Pixim Nightwolf IR Optimization ReviewedAuthor: Brian Rhodes, Published on Mar 25, 2012
Overexposure and blooming can ruin video from cameras with integrated IR illuminators. Now, chipset manufacturer Pixim is releasing a new series, named Nightwolf, that is optimized for use with IR illuminators, claiming to overcome those problems. In this note, we examine Nightwolf and contrast it to rival techniques like exposure adjustment and 'Smart IR'.
Here are key details of Nighwolf:
- A variation of the Seawolf chipset, it uses new IR optimized firmware
- Like Seawolf it is SD resolution only; no MP
- A 'companion offering', it does not replace Seawolf
- Nightwolf focuses on processing IR exposed images, giving up the low-light color optimization of Seawolf.
- Nightwolf is the same price as Seawolf
Common IR Illumination Problems
The image below demonstrates a common IR illumination problem:
Notice how the subject's faces are washed out and overexposed due to the intensity of the IR illuminator. This image is only shows people present but provides no identifying details. Even if this camera performs above average in daytime situations, the performance at night gives it limited utility.
This is an example of improvements Pixim claims with Nightwolf:
Commonly, 'low light' optimized products rely on adjustments to the exposure settings and shutter speeds to enhance performance. Nightwolf's IR optimization comes from the signal processing in the chipset, not from settings adjustments. Some common image quality drawbacks of those methods, like image blurring and ghosting, may be avoided.
Pixim claims to do this without having to use 'Smart IR', which varies the intensity of IR illumination to avoid overexposure spots. However, this method also limits the overall amount of IR light cast into the scene. Theoretically, by maintaining full IR illumination and processing the image to optimize overall details, Nightwolf provides a better offering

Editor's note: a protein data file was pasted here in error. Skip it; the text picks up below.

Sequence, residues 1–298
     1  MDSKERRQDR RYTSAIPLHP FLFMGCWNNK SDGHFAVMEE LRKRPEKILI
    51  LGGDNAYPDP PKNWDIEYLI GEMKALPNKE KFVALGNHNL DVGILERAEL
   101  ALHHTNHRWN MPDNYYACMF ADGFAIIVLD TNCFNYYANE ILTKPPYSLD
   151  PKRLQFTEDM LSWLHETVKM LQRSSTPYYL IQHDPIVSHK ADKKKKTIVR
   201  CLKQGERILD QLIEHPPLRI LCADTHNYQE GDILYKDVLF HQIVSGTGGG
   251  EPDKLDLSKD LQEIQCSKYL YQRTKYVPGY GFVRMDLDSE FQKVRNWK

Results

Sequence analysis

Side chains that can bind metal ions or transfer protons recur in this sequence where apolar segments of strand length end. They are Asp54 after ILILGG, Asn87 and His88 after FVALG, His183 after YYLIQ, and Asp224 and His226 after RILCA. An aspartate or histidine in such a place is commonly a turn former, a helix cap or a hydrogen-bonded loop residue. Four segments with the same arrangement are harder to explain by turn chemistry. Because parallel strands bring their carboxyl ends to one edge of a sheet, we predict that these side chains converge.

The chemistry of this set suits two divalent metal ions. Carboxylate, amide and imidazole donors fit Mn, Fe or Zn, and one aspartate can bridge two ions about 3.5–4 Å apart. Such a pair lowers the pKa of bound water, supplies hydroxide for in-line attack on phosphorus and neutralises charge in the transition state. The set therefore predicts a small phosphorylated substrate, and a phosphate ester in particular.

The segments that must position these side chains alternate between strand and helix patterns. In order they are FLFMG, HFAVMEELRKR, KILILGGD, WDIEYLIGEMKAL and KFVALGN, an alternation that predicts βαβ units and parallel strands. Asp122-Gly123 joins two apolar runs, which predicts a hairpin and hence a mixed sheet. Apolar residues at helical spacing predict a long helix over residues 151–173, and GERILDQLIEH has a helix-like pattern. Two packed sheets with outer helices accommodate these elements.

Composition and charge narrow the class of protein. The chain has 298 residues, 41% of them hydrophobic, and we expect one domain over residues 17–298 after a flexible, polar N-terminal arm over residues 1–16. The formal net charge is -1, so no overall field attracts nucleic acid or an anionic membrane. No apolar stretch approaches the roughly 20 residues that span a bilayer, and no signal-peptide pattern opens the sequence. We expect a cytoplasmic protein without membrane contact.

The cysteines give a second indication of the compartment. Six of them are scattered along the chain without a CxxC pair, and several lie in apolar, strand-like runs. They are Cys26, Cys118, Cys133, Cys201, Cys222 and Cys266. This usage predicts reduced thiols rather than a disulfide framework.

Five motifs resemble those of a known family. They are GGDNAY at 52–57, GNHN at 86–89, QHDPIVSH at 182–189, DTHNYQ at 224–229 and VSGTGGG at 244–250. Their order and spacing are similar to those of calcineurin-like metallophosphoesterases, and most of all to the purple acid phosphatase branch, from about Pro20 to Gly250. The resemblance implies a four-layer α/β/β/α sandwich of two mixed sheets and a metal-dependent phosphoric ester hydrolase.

Like Seawolf, we expect Pixim Nightwolf to be attractive choice for lower cost offerings. IR bullet and dome cameras are especially common analog offerings. The use of Pixim's Nightwolf might improve their image quality without significantly impacting cost.
The big constraint we see is lack of MP support. IR illumination is especially important for many megapixel cameras that have worse low light performance. Plus, MP is a much faster growing segment than SD.
Where is Pixim's Megapixel Offering?
Pixim indicates that a recent acquisition will help them offer MP chipsets in the future. While Pixim does not disclose its roadmap, they did note that their acquisition of Advasense last year provided them with strong technology for future MP offerings.
We think MP support is critical for Pixim's market positioning. Pixim used to be the big name in WDR but with so many of the large manufacturers offering their own WDR MP cameras and Pixim having none, this has eroded its presence in the market. While the Nightwolf looks to be a sold incremental advance, a megapixel offering is now long overdue.
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